That’s probably why some 70% of Americans work in offices with open floor plans, according to the American Facilities Management Association.
But if businesses want to attract the CEOs of the future, they may want to consider erecting a few walls.
Nonprofit research group the Conference Board and consultancies RW2 Enterprises and DDI wanted to know more about the predilections of young business leaders. They worked with 14 American organizations to prepare a new report: Divergent Views/Common Ground: the Leadership Perspectives of C-Suite Executives and Millennial Leaders.
Among various other findings, they discovered that young leaders placed less value on excessively open work spaces than older CEOs perceived they did.
“Though millennial leaders embrace team-oriented work environments … they think excessive openness generates distraction and makes privacy and concentration virtually impossible,” the report’s authors said.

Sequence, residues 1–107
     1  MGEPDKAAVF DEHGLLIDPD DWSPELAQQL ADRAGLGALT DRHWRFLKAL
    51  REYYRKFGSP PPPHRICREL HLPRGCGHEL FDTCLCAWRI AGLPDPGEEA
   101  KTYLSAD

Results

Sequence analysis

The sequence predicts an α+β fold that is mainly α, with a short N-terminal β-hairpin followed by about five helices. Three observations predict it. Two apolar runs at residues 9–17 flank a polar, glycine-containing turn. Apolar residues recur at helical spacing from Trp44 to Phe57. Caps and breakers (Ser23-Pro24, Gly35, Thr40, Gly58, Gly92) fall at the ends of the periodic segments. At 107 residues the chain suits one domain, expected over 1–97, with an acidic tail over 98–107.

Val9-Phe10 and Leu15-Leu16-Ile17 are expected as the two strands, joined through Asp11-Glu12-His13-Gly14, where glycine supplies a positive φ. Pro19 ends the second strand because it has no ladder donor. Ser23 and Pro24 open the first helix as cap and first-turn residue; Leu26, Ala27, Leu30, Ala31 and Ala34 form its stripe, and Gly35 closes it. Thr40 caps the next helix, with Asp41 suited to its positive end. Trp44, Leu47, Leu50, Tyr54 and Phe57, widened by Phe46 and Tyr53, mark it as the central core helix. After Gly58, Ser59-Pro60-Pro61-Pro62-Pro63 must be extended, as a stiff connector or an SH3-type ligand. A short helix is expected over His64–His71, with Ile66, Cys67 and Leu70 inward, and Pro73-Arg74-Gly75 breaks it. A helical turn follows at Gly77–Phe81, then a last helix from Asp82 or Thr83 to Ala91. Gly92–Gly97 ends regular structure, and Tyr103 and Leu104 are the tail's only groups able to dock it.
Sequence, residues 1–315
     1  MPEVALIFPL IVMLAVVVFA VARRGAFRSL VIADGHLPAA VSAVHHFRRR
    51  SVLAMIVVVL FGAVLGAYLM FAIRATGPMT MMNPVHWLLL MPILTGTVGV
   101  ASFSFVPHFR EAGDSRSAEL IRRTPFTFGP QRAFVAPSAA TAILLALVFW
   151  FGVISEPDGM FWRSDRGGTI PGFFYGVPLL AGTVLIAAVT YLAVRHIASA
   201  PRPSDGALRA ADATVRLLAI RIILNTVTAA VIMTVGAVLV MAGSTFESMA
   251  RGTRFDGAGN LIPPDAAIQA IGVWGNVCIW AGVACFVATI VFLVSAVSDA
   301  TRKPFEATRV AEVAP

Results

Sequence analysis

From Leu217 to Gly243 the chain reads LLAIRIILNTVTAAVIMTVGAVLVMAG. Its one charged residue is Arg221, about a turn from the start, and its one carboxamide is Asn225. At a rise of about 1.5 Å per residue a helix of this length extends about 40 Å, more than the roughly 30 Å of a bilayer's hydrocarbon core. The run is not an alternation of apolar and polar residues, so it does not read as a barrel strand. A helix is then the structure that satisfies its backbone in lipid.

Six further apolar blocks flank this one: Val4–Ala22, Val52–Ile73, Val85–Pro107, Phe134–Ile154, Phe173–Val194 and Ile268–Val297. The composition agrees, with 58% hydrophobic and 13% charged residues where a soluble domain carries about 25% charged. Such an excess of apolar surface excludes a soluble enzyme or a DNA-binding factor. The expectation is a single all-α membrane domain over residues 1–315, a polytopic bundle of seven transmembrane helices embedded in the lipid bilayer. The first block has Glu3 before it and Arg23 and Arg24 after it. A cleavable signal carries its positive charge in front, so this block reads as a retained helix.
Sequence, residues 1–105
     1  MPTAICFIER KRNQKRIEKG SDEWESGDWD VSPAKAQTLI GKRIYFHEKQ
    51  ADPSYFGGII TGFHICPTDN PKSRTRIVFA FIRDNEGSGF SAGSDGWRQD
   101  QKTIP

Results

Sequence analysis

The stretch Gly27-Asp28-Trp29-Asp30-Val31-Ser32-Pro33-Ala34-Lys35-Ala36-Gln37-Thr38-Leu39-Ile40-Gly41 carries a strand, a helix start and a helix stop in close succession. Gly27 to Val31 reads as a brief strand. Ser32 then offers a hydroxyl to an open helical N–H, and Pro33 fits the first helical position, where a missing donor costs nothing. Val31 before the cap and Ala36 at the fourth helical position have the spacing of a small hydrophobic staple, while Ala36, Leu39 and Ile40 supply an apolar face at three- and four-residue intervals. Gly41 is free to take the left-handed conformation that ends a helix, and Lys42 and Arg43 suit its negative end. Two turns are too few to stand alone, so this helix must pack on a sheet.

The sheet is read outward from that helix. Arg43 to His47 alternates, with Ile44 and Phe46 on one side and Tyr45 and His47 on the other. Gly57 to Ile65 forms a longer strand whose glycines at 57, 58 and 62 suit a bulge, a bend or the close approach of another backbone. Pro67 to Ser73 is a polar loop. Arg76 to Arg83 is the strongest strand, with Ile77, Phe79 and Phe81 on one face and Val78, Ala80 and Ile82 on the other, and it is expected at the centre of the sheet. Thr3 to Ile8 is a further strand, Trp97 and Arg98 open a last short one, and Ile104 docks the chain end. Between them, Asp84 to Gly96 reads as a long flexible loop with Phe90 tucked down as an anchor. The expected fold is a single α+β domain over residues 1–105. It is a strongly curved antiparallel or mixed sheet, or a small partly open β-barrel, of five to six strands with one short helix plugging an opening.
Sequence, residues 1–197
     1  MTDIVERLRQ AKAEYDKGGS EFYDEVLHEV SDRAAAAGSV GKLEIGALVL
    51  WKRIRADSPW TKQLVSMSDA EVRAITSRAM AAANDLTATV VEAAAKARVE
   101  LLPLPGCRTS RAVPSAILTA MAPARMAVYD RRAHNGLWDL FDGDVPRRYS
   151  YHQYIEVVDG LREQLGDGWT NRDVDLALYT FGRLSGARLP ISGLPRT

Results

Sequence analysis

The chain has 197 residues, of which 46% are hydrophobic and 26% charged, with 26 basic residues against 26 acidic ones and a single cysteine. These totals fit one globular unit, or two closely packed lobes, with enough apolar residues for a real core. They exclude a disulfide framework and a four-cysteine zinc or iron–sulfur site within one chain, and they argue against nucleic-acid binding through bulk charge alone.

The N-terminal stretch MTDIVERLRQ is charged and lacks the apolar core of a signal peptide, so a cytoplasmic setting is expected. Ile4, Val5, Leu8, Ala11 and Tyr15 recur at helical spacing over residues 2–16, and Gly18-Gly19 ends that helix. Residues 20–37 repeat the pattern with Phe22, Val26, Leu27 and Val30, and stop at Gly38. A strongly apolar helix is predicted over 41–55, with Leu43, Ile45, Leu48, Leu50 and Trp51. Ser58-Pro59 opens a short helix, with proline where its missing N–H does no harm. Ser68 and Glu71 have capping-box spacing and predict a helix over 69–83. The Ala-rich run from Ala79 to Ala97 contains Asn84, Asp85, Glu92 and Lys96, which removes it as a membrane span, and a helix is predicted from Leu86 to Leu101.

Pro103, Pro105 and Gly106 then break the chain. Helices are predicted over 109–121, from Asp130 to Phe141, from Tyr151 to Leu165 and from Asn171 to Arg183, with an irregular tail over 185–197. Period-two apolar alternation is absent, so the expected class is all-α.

They also discovered that millennial leaders placed a higher value on interpersonal skills and emotional intelligence than their more senior counterparts, who were more likely to value critical thinking, business know-how and managing stakeholders.
If an office space is already complete, they recommend offering flexibility in the way millennials get their work done. This could mean using open spaces for team collaboration sessions but reserving enclosed rooms to offer them some privacy. “Setting clear expectations around performance can enable employees to be accountable for how their works gets done,” they said.
Companies embracing such initiatives, however, may be left hoping for a bounce in millennial productivity to cover any related rise in overheads.
A study published in 2010 by Leeds University in England found higher office densities allowed for “substantial savings” in either rental, land or build costs and lower heating, ventilation and security charges.